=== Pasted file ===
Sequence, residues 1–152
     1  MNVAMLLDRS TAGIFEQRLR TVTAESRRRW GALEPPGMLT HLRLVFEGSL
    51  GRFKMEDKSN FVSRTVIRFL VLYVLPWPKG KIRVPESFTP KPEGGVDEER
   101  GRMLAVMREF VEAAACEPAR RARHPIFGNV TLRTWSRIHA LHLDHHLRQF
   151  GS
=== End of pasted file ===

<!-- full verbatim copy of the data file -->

Sequence, residues 1–152
     1  MNVAMLLDRS TAGIFEQRLR TVTAESRRRW GALEPPGMLT HLRLVFEGSL
    51  GRFKMEDKSN FVSRTVIRFL VLYVLPWPKG KIRVPESFTP KPEGGVDEER
   101  GRMLAVMREF VEAAACEPAR RARHPIFGNV TLRTWSRIHA LHLDHHLRQF
   151  GS